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Browsing: Diary of Charles Francis Adams, Volume 2


Docno: ADMS-13-02-02-0004-0010-0018

Author: CFA
Date: 1828-10-17

October. 1828. Friday. 17th.

It is usual for me to moralise a little upon commencing a new Volume of my Journal but upon this occasion I feel infinitely little disposed so to do. My last Volume contains much of happiness and some misery, but on the whole it is a specimen of the best part of life. Before I can arrive at the close of my present undertaking, it is probable that my lot whether for good or for evil will have been cast. My mind is now inclined to gloomy foreboding, but I hope for the best and as is usual, rely upon divine providence for support.
The morning was passed in reading Mr. Burke on the Sublime and Beautiful, which work I finished. But it affords room for much more study than a single attentive reading. Went with Mr. Smith and John to the race ground where we saw a very prettily contested match, but it did not last long as the wind of one of the horses gave out somewhat. But it was interesting and with the beauty of the day it paid us fully { 296 } for going to see it. On returning, I paid a visit to Baron Krudener1 and walked over to see the commencement of John’s intended house.2 The remainder of the afternoon was filled up with writing to George.3 I sent him a draft on the Branch Bank for one hundred and eighty dollars which together with the balance in his hands already I want him to invest for me. Evening at home with the family.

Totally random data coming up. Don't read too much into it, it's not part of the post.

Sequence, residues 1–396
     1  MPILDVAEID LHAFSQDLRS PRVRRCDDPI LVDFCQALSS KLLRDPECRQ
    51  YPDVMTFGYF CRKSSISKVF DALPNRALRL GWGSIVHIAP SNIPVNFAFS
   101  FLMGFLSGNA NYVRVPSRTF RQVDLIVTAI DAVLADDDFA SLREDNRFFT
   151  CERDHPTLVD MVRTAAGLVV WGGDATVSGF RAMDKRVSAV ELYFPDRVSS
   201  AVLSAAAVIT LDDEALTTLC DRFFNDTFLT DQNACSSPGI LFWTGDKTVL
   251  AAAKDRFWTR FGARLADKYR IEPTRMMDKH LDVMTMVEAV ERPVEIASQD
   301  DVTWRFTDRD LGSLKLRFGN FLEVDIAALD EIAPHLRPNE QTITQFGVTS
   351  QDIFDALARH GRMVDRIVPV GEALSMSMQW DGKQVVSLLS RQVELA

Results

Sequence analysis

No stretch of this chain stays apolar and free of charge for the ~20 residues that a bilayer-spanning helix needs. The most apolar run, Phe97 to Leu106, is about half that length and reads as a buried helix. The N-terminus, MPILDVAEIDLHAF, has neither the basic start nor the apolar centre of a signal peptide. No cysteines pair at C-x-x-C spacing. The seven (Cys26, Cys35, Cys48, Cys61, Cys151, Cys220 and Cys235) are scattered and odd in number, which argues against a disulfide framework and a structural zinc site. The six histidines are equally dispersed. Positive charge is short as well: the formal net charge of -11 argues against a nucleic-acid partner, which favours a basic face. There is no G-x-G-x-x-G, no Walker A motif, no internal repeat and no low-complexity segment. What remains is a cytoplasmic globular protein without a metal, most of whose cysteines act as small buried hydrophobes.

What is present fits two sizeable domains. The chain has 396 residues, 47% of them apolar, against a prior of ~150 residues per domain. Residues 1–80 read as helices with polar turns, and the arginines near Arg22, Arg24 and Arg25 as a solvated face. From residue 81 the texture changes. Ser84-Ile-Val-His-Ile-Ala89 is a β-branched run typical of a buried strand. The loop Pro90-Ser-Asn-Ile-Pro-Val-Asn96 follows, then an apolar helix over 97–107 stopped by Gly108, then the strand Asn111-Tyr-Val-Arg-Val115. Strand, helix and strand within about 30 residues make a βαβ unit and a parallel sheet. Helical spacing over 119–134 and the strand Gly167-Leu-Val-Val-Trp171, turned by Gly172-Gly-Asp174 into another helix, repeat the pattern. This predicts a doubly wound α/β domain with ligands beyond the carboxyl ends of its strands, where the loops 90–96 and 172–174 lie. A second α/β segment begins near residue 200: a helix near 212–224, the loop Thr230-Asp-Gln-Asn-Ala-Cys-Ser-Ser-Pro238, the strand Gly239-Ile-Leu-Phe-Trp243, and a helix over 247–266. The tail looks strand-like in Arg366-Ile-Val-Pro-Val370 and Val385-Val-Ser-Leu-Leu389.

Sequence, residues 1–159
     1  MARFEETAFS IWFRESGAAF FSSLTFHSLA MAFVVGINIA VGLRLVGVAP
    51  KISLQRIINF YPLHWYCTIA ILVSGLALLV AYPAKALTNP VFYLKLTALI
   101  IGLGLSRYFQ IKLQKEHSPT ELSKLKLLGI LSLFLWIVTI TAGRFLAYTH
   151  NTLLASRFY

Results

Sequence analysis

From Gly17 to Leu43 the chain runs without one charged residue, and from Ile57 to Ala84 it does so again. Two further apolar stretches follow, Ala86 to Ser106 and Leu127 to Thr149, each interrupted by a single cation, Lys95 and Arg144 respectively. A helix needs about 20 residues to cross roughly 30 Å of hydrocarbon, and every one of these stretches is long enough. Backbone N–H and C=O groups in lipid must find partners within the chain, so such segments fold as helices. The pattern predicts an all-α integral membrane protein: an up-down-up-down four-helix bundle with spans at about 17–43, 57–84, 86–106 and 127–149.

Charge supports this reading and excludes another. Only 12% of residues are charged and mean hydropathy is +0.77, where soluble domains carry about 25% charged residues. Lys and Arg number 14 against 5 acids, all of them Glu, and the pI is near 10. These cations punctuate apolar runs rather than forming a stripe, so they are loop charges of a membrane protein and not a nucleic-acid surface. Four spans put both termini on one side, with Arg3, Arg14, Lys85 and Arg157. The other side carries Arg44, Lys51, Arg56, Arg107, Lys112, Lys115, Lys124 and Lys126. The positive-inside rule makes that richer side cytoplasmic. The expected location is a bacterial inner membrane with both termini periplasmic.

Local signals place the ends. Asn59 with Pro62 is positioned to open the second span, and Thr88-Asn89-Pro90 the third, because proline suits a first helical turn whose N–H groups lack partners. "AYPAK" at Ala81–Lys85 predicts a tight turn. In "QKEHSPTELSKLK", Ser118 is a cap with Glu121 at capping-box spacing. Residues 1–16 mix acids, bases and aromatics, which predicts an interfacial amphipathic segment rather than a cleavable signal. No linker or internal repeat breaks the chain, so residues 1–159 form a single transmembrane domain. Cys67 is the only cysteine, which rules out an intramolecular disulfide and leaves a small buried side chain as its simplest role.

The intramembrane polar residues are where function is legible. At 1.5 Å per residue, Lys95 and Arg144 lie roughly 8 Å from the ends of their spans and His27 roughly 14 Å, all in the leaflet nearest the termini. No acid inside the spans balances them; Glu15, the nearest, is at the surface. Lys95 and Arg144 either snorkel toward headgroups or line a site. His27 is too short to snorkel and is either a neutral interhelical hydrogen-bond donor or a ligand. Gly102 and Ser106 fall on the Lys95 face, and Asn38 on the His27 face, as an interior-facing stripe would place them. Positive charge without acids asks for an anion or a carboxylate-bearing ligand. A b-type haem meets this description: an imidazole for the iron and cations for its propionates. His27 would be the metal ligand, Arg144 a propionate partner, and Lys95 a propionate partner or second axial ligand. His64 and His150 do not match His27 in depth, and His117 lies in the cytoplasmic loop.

1. The Russian envoy extraordinary and minister plenipotentiary ( Mass. Register, 1828, p. 220).